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Alleged Pentagon Hacker Gary McKinnon was told in court today that the US Embassy would write a letter to help him avoid the full wrath of presidential anti-terror laws, if he were extradited for prosecution.

McKinnon (aka Solo) was facing extradition proceedings in Bow Street Magistrates Court this morning so that he could be tried in US courts for allegedly hacking into 97 US military and NASA computers, disabling the Washington computer network, and leaving a message that read: "US foreign policy is akin to government sponsored terrorism these days... I am SOLO. I will continue to disrupt at the highest levels".

The case was adjourned until March 14.

Karen Todner, representing McKinnon for Kaim Todner Solicitors, told El Reg that without the president's signature, the letter would be worthless, because only the president could waive a privileged presidential power.

Todner fears that an extradition without presidential assurances to the contrary, could see Solo face solitary confinement in Guantanemo Bay or 30 years imprisonment under the president's special powers, Military Commission Order #1.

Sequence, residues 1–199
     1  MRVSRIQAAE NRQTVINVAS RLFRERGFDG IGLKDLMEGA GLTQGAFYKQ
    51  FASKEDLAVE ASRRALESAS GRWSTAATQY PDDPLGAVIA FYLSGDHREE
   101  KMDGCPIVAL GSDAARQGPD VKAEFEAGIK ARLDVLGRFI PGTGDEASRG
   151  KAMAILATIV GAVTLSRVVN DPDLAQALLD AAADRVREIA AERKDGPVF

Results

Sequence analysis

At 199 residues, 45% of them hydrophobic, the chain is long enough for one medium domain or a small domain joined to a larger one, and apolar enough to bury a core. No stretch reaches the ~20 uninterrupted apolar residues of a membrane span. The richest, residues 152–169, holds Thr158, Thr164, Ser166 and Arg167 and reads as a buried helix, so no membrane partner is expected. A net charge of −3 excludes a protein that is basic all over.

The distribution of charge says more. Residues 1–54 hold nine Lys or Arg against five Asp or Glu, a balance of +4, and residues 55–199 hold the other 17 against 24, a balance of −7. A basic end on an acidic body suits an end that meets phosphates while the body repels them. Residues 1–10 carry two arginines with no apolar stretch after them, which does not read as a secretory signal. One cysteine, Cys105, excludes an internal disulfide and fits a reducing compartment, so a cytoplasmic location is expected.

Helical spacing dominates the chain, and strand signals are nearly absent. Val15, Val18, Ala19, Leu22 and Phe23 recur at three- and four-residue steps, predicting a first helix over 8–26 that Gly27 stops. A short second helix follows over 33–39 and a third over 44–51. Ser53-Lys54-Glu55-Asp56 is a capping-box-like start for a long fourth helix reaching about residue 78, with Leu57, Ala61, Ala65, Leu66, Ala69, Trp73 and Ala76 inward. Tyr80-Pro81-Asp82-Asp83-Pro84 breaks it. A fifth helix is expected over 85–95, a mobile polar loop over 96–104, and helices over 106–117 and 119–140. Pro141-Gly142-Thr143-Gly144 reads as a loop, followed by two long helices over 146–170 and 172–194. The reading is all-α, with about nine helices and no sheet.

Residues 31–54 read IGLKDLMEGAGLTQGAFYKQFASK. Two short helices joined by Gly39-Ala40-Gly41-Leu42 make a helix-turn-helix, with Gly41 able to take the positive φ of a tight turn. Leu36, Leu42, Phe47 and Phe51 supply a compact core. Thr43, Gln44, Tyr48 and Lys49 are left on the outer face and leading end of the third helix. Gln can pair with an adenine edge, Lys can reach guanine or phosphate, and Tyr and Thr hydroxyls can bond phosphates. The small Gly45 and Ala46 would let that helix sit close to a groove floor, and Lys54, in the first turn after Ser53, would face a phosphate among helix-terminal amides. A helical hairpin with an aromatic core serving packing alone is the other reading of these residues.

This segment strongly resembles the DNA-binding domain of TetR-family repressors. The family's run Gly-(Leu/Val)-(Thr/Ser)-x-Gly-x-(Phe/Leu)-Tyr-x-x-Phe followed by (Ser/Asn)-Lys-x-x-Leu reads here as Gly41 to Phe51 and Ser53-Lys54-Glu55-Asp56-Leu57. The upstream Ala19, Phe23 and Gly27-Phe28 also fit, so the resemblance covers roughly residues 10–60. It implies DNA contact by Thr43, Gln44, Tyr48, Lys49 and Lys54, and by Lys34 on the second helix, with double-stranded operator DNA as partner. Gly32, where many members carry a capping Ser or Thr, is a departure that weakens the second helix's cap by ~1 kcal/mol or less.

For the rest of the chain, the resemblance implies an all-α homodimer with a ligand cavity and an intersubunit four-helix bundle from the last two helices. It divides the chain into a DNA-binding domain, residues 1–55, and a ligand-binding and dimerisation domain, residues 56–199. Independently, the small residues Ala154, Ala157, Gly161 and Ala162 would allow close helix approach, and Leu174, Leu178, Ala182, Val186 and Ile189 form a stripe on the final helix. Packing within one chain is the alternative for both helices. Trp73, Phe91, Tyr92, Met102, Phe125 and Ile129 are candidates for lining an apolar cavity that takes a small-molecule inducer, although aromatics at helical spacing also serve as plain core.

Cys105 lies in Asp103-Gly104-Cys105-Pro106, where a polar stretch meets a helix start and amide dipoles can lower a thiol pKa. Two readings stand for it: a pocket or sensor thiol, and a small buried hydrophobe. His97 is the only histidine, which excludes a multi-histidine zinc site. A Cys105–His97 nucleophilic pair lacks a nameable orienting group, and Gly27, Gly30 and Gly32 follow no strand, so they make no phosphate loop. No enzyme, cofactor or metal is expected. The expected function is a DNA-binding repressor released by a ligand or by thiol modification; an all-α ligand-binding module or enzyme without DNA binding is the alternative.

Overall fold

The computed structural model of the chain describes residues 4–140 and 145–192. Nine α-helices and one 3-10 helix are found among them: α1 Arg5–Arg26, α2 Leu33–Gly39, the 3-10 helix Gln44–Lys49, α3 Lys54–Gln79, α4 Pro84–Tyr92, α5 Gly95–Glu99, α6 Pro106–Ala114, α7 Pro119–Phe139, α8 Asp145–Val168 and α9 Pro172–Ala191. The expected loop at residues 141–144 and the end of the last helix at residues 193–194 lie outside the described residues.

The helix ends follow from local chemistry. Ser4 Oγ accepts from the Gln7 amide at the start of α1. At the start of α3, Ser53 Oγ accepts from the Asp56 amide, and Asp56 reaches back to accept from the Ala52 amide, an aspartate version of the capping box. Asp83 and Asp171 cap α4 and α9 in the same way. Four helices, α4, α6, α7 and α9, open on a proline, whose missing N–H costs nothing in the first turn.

If McKinnon's extradition is refused, he could still face up to three years in prison under the Misuse of Computers Act.

The prosecution has stated that he is not being treated as a terrorist, but has also made their case on his intention to "endanger the public safety" by "causing harm to the US government".

Todner said the prosecution had promised a "diplomatic note" from the US Embassy providing the assurances she wanted.

"We say that's not sufficient because the only person who can decide is the president, so it must come from the president himself," she said.

The case was adjourned while the court awaits the conclusion of another extradition case - that of the three former NatWest investment bankers who are up for extradition over an alleged Enron-linked fraud.

The defences in all cases are arguing that the extradition treaty between the US and UK is lopsided because the US has not signed up to its obligations, but is expecting full co-operation in its turn.

The US Embassy refused to comment. ®

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